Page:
Malloy Adjusts His Executive Order, Cancels PILOT Payment & Zeroes Out ECS for 85 Towns
By Christine Stuart | August 18, 2017
HARTFORD, CT — (Updated 2:30 p.m.) Gov. Dannel P. Malloy would zero out education funding for 85 communities, reduce education funding for 54 communities, and the state’s 30 neediest communities would receive the same amount of education funding they did last year. That’s if the General Assembly is unable to pass a budget before October.
Malloy, who has been running the state by executive order since July 1, announced changes Friday to his initial June allocation plan.
In addition to the changes the plan makes to the Education Cost Sharing formula, it eliminates the $182 million in PILOT payments that towns expect to receive on Sept. 30 to offset the property tax revenue they’re unable to collect from hospitals, colleges, and state buildings.
“In the absence of an adopted budget from the General Assembly, my administration is reallocating resources to pay for basic human services, education in our most challenged school districts, and the basic operation of government,” Malloy said. “The municipal aid that is funded as part of this executive order reflects the nearly impossible decisions Connecticut must make in the absence of a budget. It will force some of our municipalities — both large and small — to make similarly difficult choices of their own.”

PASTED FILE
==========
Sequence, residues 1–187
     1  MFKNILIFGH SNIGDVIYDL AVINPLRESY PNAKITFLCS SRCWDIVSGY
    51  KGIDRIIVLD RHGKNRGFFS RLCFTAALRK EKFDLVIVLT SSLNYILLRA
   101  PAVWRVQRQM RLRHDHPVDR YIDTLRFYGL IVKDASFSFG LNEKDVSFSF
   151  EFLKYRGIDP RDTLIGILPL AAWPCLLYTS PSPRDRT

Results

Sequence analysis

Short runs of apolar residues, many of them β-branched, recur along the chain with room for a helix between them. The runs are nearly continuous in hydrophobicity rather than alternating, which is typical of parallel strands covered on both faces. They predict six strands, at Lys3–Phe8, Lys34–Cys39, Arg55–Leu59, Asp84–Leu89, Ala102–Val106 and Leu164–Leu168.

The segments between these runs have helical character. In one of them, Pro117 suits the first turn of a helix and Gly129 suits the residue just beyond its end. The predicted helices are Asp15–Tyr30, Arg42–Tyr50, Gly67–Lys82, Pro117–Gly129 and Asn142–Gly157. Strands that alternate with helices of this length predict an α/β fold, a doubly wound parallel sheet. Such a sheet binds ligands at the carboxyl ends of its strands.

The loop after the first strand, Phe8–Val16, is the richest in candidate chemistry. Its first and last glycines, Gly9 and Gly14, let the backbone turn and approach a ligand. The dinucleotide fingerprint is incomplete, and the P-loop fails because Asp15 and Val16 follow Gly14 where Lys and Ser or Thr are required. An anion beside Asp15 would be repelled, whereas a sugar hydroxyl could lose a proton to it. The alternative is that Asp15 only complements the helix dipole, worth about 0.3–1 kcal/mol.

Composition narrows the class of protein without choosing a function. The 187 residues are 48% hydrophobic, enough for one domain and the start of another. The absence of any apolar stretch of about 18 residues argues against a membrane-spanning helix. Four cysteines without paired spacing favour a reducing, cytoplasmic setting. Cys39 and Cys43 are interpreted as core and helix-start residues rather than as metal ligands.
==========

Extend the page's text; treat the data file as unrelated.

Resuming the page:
The plan Malloy announced Friday also restores $40 million in funding for the private, nonprofit community.
The Connecticut Community Nonprofit Alliance thanked the governor for the funds, but warned that the step was temporary.
“While the restored funds will help buffer or delay some of the most devastating impacts of the budget stalemate, it is not a substitute for a biennial budget,” Gian Carl Casa, president & CEO of CT Community Nonprofit Alliance, said. “Nonprofit funding remains $150 million below FY17 levels, putting thousands of programs in jeopardy. Connecticut’s residents are in this together and we all need a budget that fully addresses the state’s budgetary needs including human services and education.”